While there are many other aspects to, and applications of Laruelle’s non-philosophy, what interests me is the precarious balancing of the discrete and continuous, a property that he describes as “the generic.” The generic is a logic, a style, an aesthetic, and a science, which Laruelle poses as a resolution to philosophy’s tendency toward distinction. He probably did not have memes in mind, or the circulation of images online at large, when he began to theorize the generic before the commercial internet. However, memes do model the seemingly paradoxical description of the generic that Laruelle offers, which aims to reconcile an abstracted version of the apparent paradox between the discrete and the continuous. He writes, outlining its four conditions:
“There are constants in the generic style. The first is a form of an average universal or middle-ground between the One-All and singularity or individuality: the generic is restricted, it excludes the extremes of the All and of the individual to which the All applies. The second is that the generic is capable of supporting a multiplicity of heterogeneous acts or predicates, among other things the thoughts of science and philosophy: the generic is endowed with extension but without totality or singularity, thus under-determined, non-absolute. The third is that it possesses a genealogical or critical power of [giving the] illusion or the appearance of the All. The fourth is to create truth from knowledge, that is to say, a form of hesitant and probable knowing [connaissance] out of supposedly confirmed facts of knowledge [savoirs]. In the end, it is a process of knowing: it is neither a philosophical act nor an act of posited knowledge. But the real question about the generic boils down to knowing what is the subject or who is the subject of non-standard aesthetics and what type of knowing can it generate?“6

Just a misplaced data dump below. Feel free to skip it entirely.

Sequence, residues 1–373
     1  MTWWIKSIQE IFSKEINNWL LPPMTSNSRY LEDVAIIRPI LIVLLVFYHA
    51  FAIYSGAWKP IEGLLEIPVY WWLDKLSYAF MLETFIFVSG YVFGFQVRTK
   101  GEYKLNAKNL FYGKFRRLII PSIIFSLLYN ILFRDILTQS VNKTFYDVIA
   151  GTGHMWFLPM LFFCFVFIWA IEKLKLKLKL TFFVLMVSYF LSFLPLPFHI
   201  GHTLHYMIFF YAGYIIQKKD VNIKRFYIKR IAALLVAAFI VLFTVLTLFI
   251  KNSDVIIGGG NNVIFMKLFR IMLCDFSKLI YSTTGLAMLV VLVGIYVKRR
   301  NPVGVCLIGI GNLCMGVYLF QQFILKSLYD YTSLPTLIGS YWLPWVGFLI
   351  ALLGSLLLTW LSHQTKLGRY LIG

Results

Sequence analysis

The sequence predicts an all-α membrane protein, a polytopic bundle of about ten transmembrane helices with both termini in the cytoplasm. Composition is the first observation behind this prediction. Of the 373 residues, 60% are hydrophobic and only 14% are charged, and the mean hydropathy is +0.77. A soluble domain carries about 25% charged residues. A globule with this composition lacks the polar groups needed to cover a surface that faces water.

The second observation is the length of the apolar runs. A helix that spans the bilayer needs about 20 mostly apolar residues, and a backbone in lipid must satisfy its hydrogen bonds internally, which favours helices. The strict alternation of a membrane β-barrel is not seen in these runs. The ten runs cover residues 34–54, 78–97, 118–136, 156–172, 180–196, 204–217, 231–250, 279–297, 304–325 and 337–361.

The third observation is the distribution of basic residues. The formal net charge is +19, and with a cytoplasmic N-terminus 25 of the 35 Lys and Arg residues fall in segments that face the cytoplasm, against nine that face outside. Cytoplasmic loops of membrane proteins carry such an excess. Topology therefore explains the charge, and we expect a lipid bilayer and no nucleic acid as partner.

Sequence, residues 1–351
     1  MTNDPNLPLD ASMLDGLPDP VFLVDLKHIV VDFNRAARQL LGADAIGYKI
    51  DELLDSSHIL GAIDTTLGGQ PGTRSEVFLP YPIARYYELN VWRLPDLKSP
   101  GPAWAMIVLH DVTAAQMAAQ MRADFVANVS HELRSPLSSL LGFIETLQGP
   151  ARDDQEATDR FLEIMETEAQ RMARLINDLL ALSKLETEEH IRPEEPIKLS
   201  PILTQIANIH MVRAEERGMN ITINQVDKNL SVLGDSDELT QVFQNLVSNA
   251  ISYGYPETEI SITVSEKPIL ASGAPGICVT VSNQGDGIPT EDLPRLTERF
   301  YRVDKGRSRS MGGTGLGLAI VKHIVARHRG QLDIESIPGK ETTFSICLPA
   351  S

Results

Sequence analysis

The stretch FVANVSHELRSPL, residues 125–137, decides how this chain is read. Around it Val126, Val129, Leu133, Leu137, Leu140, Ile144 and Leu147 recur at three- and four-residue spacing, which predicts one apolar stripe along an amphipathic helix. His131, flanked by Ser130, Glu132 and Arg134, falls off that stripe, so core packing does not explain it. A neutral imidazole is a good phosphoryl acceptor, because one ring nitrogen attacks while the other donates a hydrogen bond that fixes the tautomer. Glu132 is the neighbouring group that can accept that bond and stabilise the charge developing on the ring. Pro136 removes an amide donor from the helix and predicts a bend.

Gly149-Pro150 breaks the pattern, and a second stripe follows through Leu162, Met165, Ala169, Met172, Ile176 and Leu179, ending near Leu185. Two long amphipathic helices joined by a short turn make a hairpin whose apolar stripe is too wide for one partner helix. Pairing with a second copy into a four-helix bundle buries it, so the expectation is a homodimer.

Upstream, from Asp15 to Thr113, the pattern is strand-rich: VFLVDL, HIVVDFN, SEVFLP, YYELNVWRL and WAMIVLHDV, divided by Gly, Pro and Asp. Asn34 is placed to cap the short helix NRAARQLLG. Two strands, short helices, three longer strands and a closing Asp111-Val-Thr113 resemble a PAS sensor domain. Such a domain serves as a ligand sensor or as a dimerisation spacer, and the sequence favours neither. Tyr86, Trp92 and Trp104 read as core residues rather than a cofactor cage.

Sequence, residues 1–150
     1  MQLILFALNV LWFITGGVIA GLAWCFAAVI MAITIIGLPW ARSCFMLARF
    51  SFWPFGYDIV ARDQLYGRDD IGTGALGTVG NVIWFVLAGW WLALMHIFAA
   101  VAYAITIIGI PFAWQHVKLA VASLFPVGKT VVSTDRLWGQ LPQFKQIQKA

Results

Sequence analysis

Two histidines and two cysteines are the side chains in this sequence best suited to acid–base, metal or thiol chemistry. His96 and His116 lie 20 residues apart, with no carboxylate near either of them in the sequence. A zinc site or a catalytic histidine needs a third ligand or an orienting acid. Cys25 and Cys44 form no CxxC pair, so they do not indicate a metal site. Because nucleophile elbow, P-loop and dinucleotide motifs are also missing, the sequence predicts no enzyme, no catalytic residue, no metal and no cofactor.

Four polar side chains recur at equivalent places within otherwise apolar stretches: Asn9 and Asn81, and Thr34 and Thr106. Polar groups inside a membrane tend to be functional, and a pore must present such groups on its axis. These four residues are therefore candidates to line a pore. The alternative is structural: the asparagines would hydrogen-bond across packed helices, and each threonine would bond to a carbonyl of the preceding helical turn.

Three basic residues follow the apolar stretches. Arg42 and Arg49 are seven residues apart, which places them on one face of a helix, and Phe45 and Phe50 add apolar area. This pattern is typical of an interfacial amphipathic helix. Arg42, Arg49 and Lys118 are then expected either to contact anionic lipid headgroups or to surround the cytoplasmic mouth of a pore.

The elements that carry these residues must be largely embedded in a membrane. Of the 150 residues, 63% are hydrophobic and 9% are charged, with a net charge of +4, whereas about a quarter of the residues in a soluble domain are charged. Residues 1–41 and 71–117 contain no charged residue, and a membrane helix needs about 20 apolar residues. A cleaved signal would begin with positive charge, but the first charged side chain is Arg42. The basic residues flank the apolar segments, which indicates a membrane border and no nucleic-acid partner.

The meme, in its simultaneous one-all-ness and individuality, becomes a model for a generic image ontology. This happens first at the level of language. A singular instantiation of the image-object is known as a meme, as can be an entire complex of related objects. When a given meme appears once on an Instagram feed, it is singular: a “meme.” But, it is also singular when referenced in its entirety, encompassing all of the image-objects that share an identifiable aesthetic or conceptual relationship to one another. Any definition of the meme—from its description by Richard Dawkins as a unit of cultural transmission or imitation to its contemporary pop-cultural instantiation—hinges on its relationality. Contemporary culture mutates this: the meme is both the unit of transmission as well as the message to be transmitted, both the structure and the content, the raw material and the product.
The meme also demonstrates Laruelle’s second condition, an endowment of “extension without totality or singularity, thus under-determined, non-absolute.” The meme’s only claim is often relatability (#relatable, #same), extending toward the possibility of universalism without ever quite settling anywhere. Here, we can apply artist Hito Steyerl’s description of the “poor image” as “a snapshot of the affective condition of the crowd.”7 Rather than making truth claims, the meme reflects a number of given truths back to the crowd itself.